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The Rule of Pelican



Washington Post editorial eminence Ruth Marcus is aghast at U.S. District Court Martin Feldman blocking the Administration's six-month moratorium on deepwater drilling as arbitrary and capricious. She writes in a brief "PostPartisan" entry today, "Judicial activism in the deepwater drilling decision":

As the Supreme Court has explained, and Feldman quoted in his ruling, "an agency rule would be arbitrary and capricious if the agency has relied on factors which Congress has not intended it to consider, entirely failed to consider an important aspect of the problem, offered an explanation for its decision that runs counter to the evidence before the agency, or is so implausible that it could not be ascribed to a difference in view or the product of agency expertise."

So, you might ask, in the context of the Gulf disaster and the moratorium: Has Judge Feldman seen pictures of those pelicans?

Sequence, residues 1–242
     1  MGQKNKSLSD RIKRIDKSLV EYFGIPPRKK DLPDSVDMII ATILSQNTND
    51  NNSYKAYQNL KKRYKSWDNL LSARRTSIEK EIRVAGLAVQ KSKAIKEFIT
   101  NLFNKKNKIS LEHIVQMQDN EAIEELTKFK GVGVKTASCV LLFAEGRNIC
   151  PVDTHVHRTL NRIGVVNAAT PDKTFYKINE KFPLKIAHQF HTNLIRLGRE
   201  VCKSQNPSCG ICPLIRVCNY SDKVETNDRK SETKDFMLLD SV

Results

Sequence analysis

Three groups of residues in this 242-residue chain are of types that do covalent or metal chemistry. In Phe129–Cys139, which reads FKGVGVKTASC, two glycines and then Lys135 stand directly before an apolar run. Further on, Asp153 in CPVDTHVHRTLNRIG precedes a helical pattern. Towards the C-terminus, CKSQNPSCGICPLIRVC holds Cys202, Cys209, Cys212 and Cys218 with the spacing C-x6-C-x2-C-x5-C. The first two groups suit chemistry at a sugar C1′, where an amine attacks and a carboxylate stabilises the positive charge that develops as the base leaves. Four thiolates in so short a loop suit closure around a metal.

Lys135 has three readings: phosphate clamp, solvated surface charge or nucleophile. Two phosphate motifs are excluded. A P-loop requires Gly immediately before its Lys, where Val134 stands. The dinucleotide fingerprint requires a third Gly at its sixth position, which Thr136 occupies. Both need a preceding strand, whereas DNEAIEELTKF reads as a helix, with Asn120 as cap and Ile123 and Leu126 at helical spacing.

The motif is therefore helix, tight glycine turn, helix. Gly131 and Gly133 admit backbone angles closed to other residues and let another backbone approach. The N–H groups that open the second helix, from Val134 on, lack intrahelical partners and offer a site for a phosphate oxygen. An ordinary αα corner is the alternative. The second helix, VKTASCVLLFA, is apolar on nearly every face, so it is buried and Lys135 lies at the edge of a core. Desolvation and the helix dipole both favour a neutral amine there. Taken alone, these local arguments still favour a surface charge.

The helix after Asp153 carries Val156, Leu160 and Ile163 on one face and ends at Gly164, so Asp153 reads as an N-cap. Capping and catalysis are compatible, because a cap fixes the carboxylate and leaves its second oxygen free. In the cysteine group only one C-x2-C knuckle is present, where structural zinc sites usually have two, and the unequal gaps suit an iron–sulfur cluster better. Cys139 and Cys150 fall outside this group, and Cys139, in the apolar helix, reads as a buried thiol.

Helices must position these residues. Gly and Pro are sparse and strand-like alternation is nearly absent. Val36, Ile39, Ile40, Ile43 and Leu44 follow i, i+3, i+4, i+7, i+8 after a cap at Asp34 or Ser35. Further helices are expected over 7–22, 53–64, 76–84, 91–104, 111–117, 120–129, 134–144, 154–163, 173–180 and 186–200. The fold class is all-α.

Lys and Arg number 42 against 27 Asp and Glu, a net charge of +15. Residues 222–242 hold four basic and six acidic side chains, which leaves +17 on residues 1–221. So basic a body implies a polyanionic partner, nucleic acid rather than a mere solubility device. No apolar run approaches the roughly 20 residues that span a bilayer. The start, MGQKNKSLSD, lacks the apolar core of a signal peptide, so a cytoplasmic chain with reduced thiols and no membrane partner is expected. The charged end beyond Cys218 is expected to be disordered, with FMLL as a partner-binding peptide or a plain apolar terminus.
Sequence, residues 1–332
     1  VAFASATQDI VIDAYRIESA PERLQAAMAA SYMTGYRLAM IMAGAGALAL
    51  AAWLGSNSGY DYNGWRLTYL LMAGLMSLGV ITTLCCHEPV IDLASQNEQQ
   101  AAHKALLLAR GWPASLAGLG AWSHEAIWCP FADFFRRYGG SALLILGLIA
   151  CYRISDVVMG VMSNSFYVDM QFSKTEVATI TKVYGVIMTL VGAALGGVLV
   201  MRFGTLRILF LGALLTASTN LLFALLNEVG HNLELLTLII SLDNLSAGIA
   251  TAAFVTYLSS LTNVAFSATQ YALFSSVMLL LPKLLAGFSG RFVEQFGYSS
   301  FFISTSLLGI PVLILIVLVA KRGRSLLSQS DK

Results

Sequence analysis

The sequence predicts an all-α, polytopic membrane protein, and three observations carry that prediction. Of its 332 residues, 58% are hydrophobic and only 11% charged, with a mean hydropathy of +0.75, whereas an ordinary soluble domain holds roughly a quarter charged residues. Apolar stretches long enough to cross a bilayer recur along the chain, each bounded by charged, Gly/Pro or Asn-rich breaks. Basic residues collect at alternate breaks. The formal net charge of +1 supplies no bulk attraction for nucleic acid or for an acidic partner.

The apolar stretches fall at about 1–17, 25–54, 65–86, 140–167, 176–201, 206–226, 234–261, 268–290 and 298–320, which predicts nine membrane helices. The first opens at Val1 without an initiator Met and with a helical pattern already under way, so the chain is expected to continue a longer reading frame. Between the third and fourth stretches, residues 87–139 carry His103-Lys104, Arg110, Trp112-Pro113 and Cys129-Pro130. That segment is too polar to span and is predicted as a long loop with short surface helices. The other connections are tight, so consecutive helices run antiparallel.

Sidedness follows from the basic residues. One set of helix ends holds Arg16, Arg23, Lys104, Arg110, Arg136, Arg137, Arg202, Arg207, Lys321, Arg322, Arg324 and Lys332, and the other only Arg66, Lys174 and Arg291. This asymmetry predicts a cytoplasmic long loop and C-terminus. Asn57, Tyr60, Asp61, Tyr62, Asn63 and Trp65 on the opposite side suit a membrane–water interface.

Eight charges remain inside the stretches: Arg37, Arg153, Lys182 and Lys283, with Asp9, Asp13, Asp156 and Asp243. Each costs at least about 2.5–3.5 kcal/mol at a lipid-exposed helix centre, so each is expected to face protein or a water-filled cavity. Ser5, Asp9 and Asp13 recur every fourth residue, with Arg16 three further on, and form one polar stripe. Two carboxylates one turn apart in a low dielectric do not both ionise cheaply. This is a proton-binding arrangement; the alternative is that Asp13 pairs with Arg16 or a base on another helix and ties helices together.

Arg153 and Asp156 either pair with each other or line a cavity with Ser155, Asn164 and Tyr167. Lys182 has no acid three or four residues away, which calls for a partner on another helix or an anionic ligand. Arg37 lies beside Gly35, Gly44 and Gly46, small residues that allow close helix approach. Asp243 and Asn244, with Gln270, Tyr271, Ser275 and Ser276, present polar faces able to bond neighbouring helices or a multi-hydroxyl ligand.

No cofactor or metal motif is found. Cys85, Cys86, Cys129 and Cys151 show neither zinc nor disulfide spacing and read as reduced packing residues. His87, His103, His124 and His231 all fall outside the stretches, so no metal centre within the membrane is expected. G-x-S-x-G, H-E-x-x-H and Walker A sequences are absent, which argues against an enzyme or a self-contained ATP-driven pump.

Feldman on Thursday refused the Administration's request to temporarily lift his stay.

Left-wing activists have been denouncing and even calling for the impeachment of Feldman, claiming he should have recused himself. Louisiana broadcaster and political commentator Jeff Crouere rebuts the claims, which are based on outdated information about Feldman's holdings. In "Judge Faces Death Threats After BP Gulf Oil Drilling Moratorium Ruling," Crouere reports that Feldman is being accompanied by a federal marshal security team after receiving threats.

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Rafael Mangual
Project Manager,
Legal Policy
rmangual@manhattan-institute.org

Katherine Lazarski
Manhattan Institute
klazarski@manhattan-institute.org

 

Published by the Manhattan Institute

The Manhattan Insitute's Center for Legal Policy.